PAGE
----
For those with the Herb option: sweet basil, rosemary, par-cel

What’s up on the farm?

Precipitation in the past week: 0.4"

Winter squash also prefer cooler temps
A little bit of rain and a lot more color on the farm this week. Now that the high temperatures have settled down a bit our crops can get back to the business of pollinating and ripening. Did you know that pollen sterilizes above about 95°? So when the temps rise above that, the flowers go unpollinated and no fruits develop. Fruiting crops also tend to slow down the ripening process when it is hot, so tomatoes and peppers stop coloring and just seem to take a break until the temperatures fall again. So everyone on the farm, crew, crops and livestock alike all appreciate the more moderate weather this week.

We dug the first of the early potatoes this week and it was less than impressive. About 250 row feet, dug by hand only yielded about 55lbs of potatoes. Ah well, we're hopeful for better yield with the later varieties. In the meantime, everyone gets a little taste of fresh potatoes.


Leek harvest
We also started the onion harvest, which looks much better than the potatoes! It was a bit of a muddy morning, after the rain, but such is the way of things. Then we layered on the mud with the leek harvest. It's a good thing our crew has such a great attitude!

I wish our cucumbers had as good an attitude as our crew. Unfortunately they are increasingly grumpy and when cukes get grumpy, they die. The cause is a serious pest called the cucumber beetle. It causes some surface damage to the fruits due to chewing, but the real issue is that they spread a disease called Cucumber Wilt. Wilt is a rather bland way of saying "death". There is no effective, chemical-free defense for this insect, so we just plant multiple varieties in multiple locations (and extra plants) hoping to slow down the loss. So enjoy whatever cucumbers we can get into your boxes in the next couple of weeks as their season is quickly coming to an end.


 So let's get back to some happier news, the tomatoes are coming!!
While we "met" the cherry tomatoes last week, Here's an introduction to the rainbow of slicing tomatoes that should appear in your boxes this season:

Azoycha: Lemon-yellow medium-sized fruits with sweet, yet rich flavor.
Black Krim: purple/red slicing tomato with excellent full flavor 
Cosmonaut Volkov: medium-large red slicer with a full-rich flavor
Dr. Wychee Yellow: Large orange tomato with meaty, rich tasting flavor.
Granadero: Red plum tomato with thick-walled fruit; ideal for fresh tomato sauces, salsas, and salads
Green Zebra: Small, 2 1/2" olive yellow with green stripes and a sweet zingy flavor
John Baer: meaty red heirloom slicer
Marmalade: round, orange fruits with sweet tomato flavor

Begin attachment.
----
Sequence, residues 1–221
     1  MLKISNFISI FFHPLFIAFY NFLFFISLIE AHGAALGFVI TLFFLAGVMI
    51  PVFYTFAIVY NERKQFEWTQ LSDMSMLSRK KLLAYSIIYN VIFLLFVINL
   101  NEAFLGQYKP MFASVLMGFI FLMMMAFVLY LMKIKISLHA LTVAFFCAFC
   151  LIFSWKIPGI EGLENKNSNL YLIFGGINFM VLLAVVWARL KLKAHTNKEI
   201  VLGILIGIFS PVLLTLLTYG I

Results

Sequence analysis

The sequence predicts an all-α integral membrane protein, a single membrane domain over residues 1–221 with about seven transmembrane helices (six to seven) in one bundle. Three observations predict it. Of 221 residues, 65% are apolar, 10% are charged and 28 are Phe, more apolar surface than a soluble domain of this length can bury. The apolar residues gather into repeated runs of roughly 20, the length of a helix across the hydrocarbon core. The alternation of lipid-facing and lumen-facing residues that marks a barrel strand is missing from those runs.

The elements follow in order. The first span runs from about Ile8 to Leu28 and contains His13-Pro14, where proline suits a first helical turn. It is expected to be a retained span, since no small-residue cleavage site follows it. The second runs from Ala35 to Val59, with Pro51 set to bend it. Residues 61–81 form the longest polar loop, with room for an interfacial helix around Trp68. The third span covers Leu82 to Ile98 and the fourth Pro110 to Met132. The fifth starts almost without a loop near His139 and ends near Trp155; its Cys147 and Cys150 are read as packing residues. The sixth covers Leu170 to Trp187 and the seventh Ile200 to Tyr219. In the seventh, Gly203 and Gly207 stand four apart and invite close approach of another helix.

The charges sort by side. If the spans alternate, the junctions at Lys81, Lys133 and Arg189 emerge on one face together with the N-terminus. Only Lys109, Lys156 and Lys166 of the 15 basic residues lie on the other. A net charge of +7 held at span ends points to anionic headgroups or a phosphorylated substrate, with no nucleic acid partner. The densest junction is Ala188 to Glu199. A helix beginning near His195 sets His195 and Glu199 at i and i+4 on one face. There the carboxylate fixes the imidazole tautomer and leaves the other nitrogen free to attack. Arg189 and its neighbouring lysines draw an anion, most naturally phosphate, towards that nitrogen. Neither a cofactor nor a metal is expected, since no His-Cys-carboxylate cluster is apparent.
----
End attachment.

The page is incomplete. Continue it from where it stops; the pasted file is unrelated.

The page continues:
Mountain Fresh: red slicer with well balanced flavor
Paul Robeson: Large, brick-red fruits with dark green shoulders.  Has a sweet, rich, smoky flavor.
Pantano Romanesco: A large, deep red Roman heirloom. The flesh is very rich, flavorful & juicy.
Porkchop: Bright yellow slicing tomato with sweet tomato flavor with hints of citrus
Redfield Beauty: 3”– 4” flat pink fruits with excellent, full flavor.
Rutgerslarge, red with excellent flavor for fresh eating or canning
San Marzano II: Red paste tomato with old world taste
White Queen: Medium-sized, smooth white-skinned tomato with sweet, juicy flesh, low acid.

 As you can see, we raise a variety of colors of tomatoes, so color isn't your best indication of ripeness, touch is. A ripe tomato should yield to a gentle squeeze of your fingertips. If it feels hard, it's probably not quite ripe. Just leave it out on your counter for a day or 2 and try again. 

Finally, I want to circle back to our crew. Last week I was "informed" that the crew wanted to have a potluck at lunch on Monday. They were pretty dismissive about the details and let me know I could bring the plates and silverware. Those of you who are native mid-westerners know this is almost a painful assignment because we aren't really "doing our part". Regardless, I did as requested amid mild grumbling. It turns out that the gathering was a plot by our fabulous crew to celebrate the farm's 15th anniversary season. They had asked earlier in the season if we were planning a big gathering like we did for our 10th year, but given the current "situation" it wasn't to be. So this was their solution. Have I mentioned how amazing our crew is and how lucky we are to have them? 

A little detail on your produce this week:


Basil hates the cold and will turn black with exposure. Keep long stemmed basil in a glass/vase of water on your counter top (out of direct sunlight). Stems that are too short (trimmings/tops) should be placed in a plastic bag or clamshell, with a dry paper towel. Then put inside of a paper bag (for insulation) and put in the warmest part of your refrigerator (usually the door) or on the top shelf towards the front.